Bacterial nitrate reductases divide into two structural groups, those for which the protein ligand to the molybdenum ion originates from an aspartate residue, the Nar group, and those for which it arises from a cysteine residue, the Nap and Nas enzymes . The Nap and Nar enzymes receive electrons from the quinol pool which for P. pantotrophus is comprised of ubiquinol and ubiquinone. In the present study we see that NapAB activity is turned on below approx. 0.15 V and so, like NarGH, its operational potentials appear well-matched to the properties of the ubiquinol electron donor (Figure 8). Interesting comparisons can be made with the assimilatory nitrate reductase (NarB) from S. elongatus. NarB activity is switched on below approx. −0.2 V and at potentials well-matched to the NAD+/NADH couple (E0′∼−0.32 V) via which electrons from sugar oxidation are passed to cytoplasmic reductive metabolism . Thus the activities of these enzymes appear to be tuned to reflect their source of electrons rather than the immediate molybdenum co-ordination sphere. In light of this it is interesting to note that NapA is thought to have evolved from the cytoplasmic eubacterial assimilatory enzymes . In this evolutionary view the primordial ‘cytoplasmic’ enzyme became fused to a TAT (twin-arginine targeting) signal peptide that allowed its translocation to the periplasm and extra proteins, NapB and NapC, were recruited to allow communication with quinol. If our observations to date are generally applicable this evolution was also accompanied by a positive shift of enzyme-operating potential.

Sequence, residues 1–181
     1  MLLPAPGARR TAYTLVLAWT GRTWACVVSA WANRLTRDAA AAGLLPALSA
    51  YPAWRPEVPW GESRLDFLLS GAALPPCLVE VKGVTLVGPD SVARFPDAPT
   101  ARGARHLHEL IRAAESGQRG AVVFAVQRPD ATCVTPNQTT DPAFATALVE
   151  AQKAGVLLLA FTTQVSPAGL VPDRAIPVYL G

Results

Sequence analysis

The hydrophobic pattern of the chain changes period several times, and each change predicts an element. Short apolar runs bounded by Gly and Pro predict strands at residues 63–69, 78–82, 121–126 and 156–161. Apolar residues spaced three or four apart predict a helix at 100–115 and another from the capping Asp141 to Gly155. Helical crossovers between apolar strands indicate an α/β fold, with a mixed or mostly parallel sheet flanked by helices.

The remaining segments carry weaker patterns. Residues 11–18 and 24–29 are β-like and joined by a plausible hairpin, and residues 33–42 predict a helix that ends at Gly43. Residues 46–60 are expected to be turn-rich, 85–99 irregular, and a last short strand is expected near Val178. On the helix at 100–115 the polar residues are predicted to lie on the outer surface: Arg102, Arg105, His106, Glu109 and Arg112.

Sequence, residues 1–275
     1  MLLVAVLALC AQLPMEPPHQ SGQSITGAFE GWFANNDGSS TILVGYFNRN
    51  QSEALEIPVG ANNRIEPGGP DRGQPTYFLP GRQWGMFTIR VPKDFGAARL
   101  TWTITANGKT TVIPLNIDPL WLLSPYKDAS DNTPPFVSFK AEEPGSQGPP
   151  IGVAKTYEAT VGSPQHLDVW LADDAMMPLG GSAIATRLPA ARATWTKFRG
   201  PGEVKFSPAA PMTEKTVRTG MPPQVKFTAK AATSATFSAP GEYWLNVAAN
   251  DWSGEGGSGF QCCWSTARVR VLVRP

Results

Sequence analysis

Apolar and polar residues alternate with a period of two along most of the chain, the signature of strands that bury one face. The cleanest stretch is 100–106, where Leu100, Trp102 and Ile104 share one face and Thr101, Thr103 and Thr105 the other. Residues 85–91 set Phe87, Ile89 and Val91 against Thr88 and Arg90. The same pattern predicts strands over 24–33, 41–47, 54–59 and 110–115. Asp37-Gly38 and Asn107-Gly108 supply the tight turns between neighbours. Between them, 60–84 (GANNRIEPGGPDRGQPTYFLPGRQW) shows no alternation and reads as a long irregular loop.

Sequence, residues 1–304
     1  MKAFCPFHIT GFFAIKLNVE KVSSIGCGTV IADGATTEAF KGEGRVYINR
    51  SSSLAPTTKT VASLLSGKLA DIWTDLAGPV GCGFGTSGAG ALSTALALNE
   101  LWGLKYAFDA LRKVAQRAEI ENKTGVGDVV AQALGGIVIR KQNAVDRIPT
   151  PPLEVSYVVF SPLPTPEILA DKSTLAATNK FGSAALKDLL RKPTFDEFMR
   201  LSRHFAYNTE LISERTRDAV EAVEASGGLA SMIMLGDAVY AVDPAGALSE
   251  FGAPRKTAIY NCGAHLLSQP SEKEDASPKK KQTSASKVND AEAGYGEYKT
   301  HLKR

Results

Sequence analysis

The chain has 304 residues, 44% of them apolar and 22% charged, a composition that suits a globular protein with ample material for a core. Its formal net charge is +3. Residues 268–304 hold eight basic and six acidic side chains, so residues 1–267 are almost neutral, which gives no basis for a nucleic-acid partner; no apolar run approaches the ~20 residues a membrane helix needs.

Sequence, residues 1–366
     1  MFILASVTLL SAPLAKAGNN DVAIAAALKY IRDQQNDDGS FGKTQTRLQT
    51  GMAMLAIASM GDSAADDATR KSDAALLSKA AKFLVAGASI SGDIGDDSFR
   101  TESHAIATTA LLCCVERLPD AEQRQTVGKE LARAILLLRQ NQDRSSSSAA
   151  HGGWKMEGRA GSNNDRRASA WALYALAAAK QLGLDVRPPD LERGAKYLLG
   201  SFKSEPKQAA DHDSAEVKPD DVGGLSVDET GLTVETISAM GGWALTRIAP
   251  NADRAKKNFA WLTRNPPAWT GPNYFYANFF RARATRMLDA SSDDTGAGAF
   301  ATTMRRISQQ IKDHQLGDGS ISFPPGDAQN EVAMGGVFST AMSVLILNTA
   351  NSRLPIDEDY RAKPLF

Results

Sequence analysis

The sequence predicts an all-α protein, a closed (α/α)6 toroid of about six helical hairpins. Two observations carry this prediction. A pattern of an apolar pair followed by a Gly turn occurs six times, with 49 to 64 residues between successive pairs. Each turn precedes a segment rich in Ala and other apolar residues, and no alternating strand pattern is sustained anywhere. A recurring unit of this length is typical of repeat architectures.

Schematic representation of the normalized activities of P. pantotrophus NapAB (thick line) and NarGH (thin line) together with potentials that may be accessed through modulation of the ubiquinol (UQH2) content (grey) of the cytoplasmic membrane at pH 6 and 7
When the periplasmic respiratory system of P. pantotrophus is considered as a whole it is notable that the three denitrification enzymes with periplasmic, or periplasmic facing, active sites are coupled to electron transfer at a point downstream of the cytochrome bc1 complex . Thus the cytochrome cd1 nitrite reductase, the integral membrane nitric oxide reductase and the nitrous oxide reductase accept electrons from either reduced cytochrome c550 or pseudoazurin (E0′∼0.25 V) generated by the cytochrome bc1 complex in protonmotive processes. Here we find that the operating potential of NapAB is sufficiently positive to allow it to couple into the respiratory chain at the level of the quinol pool but not sufficiently high to allow it to operate upstream of cytochrome c550 and pseudoazurin. Thus NapAB activity cannot be coupled into the cytochrome bc1-complex protonmotive activity.